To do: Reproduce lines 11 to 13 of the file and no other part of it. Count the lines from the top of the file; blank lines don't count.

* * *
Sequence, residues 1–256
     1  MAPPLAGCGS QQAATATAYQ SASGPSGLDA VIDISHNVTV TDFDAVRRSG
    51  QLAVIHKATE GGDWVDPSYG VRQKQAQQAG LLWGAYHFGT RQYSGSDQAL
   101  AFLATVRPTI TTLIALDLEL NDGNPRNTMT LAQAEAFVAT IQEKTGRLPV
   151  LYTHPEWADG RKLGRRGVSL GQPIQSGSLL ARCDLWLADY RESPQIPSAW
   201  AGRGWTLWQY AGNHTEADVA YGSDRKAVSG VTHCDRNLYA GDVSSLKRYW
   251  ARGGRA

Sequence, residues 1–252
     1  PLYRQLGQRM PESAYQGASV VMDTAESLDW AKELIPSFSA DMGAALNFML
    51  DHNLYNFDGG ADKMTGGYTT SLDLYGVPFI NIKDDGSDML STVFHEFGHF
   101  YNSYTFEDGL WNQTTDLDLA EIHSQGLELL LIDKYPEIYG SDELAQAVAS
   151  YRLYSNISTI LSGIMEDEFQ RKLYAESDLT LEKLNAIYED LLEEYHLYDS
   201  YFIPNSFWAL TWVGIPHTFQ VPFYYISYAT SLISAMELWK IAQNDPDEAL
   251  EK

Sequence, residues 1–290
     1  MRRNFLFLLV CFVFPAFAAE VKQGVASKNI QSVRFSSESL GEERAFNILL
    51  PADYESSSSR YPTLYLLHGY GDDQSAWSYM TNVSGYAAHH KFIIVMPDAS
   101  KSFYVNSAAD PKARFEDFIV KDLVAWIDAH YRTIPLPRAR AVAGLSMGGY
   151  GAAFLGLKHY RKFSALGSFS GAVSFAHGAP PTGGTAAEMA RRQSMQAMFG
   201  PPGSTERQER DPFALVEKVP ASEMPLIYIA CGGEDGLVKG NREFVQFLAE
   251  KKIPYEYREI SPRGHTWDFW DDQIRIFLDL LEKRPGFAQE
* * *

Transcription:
   101  YNSYTFEDGL WNQTTDLDLA EIHSQGLELL LIDKYPEIYG SDELAQAVAS
   151  YRLYSNISTI LSGIMEDEFQ RKLYAESDLT LEKLNAIYED LLEEYHLYDS
   201  YFIPNSFWAL TWVGIPHTFQ VPFYYISYAT SLISAMELWK IAQNDPDEAL